What do we carry forward? My family lived in New Jersey near Manhattan until I was ten, and although I have enjoyed spending my adult life as a photographer in the American West, when we left New Jersey for Wisconsin in 1947 I was homesick.
The only palliative I recall, beyond my parents’ sympathy was the accidental discovery in a magazine of pictures by a person of whom I had never heard but of scenes I recognized. The artist was Edward Hopper and one of the pictures was of a woman sitting in a sunny window in Brooklyn, a scene like that in the apartment of a woman who had cared for my sister and me. Other views resembled those I recalled from the train to Hoboken. There was also a picture inside a second-floor restaurant, one strikingly like the restaurant where my mother and I occasionally had lunch in New York.
The pictures were a comfort but of course none could permanently transport me home. In the months that followed, however, they began to give me something lasting, a realization of the poignancy of light. With it, all pictures were interesting.
Robert Adams in Art Can Help
* an ongoing series of quotations – mostly from artists, to artists – that offers wisdom, inspiration, and advice for the sometimes lonely road we are on.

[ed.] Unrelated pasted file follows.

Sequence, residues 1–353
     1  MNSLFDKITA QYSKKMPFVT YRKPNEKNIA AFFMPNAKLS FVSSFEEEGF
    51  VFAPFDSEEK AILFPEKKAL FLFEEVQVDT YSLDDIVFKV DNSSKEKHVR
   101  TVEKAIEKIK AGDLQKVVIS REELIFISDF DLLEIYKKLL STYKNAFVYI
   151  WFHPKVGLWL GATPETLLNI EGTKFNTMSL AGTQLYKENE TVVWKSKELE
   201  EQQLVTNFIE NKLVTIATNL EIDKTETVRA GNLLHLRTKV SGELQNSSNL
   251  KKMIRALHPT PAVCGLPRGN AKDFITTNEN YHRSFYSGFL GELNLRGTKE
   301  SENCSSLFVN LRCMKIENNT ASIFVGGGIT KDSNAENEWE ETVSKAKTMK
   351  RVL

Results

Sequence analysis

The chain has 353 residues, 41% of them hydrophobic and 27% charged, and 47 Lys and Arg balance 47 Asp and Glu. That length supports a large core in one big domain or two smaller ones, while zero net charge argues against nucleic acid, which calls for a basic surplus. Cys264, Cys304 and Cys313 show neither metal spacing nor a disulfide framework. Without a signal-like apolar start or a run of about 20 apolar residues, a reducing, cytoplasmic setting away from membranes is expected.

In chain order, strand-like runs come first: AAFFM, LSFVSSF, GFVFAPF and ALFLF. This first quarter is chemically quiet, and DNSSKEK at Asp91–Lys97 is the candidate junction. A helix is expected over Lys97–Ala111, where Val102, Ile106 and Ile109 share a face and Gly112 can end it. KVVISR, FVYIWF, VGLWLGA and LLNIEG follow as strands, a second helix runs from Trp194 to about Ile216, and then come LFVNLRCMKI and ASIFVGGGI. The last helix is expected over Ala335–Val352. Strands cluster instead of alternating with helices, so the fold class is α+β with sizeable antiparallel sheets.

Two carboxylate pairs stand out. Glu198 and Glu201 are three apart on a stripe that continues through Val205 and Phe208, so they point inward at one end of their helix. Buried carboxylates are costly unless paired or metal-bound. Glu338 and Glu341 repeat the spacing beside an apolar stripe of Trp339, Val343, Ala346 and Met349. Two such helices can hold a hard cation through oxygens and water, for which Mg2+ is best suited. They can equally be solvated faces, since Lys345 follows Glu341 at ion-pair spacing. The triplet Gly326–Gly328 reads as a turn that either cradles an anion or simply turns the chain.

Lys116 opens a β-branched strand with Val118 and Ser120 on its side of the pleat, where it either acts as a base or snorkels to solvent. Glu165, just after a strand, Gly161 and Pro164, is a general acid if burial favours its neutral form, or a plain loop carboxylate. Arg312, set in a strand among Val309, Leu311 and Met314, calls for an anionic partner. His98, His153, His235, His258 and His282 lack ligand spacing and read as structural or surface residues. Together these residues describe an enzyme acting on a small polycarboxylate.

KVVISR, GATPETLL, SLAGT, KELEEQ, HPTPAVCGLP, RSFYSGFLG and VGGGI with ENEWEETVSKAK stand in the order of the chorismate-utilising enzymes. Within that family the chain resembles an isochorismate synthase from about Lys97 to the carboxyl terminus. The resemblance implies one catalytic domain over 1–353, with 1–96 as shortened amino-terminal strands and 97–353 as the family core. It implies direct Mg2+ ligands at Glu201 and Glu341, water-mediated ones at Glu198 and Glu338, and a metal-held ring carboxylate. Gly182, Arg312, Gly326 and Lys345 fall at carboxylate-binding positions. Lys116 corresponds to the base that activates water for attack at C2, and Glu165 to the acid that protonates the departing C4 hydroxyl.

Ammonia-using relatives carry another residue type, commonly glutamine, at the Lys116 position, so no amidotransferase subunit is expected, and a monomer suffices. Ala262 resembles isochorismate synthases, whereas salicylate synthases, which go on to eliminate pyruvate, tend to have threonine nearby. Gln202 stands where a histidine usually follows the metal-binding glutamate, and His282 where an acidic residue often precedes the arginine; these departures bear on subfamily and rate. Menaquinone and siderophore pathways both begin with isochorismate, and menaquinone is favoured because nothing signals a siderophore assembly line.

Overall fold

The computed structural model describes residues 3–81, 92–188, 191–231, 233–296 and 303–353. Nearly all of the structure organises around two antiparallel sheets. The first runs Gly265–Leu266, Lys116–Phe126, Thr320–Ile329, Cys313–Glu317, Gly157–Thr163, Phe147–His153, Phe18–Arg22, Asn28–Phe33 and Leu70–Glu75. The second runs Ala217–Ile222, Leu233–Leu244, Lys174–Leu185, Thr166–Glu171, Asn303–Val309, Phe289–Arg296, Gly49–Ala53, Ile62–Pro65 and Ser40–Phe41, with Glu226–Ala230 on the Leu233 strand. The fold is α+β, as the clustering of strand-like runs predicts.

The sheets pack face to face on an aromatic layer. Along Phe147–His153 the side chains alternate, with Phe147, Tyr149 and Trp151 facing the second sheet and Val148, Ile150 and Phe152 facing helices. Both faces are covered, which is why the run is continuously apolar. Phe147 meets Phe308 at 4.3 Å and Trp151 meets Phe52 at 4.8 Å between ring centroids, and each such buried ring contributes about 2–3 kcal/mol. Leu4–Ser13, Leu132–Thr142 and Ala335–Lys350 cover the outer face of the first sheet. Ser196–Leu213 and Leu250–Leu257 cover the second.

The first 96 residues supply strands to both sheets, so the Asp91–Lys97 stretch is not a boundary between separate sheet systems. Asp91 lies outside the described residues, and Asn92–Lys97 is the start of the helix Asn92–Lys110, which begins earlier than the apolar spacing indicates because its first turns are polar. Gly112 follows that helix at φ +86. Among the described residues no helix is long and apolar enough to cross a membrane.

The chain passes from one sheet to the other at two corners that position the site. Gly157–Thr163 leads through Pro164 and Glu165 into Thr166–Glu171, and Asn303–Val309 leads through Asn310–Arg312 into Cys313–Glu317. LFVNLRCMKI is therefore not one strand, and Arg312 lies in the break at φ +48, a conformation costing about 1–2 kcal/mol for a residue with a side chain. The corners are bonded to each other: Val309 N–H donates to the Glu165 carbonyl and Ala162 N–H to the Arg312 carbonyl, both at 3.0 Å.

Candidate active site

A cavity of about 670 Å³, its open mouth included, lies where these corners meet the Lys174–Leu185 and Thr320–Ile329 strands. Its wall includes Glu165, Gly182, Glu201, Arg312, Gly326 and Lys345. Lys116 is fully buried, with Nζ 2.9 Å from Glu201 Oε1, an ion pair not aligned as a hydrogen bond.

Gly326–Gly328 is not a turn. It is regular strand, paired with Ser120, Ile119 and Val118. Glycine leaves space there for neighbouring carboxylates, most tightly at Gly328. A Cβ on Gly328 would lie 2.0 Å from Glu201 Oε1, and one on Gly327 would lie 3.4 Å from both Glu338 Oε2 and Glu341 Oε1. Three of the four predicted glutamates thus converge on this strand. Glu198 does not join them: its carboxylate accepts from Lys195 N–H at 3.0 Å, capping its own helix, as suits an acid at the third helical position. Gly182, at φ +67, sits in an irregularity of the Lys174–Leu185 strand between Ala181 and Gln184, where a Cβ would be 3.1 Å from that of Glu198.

HM: In order to create a work of art, you need an artist, an object, the work, and the audience. Indeed, where there’s no audience, there’s no artist. Renoir used to say, “No painters in Hamlet.” meaning that on a desert island you wouldn’t paint.
( I confess I am a little surprised. For my part, I find it difficult to believe that the true artist cannot work without hope. It seems to me that art is first and foremost an internal necessity, a need to escape from life. It is true that this is closer to the mystics’ point of view and that the artist, if he does not work directly for his contemporaries, at least looks forward to some future resonance. Nonetheless, I ask the same question again.)
PC: Even a true painter wouldn’t paint on a desert island?
HM: No… Painting is a means of communication, a language. An artist is an exhibitionist. Take away his spectators and the exhibitionist slinks off with his hands in his pockets.
The audience is the material in which you work. You don’t see the face of the audience. It’s huge, an immense mass. The public is – listen, it’s the man you encounter one fine day, who says, “Monsieur Matisse, I can’t tell you how much I love your picture, the one you exhibited at the salon,” and this man is a clerk who could never spend a red cent on painting. The public is not the buyer; the public is the sensitive material on which you hope to leave an imprint.
PC: Through the picture, the audience returns to the source of emotion.
HM: Yes, and the artist is the actor, the fellow with the wheedling voice who won’t rest until he’s told you his life story.
Chatting with Henri Matisse: The Lost 1941 Interview, Henri Matisse with Pierre Courthion, edited by Serge Guilbaut, translated by Chris Miller
Comments are welcome!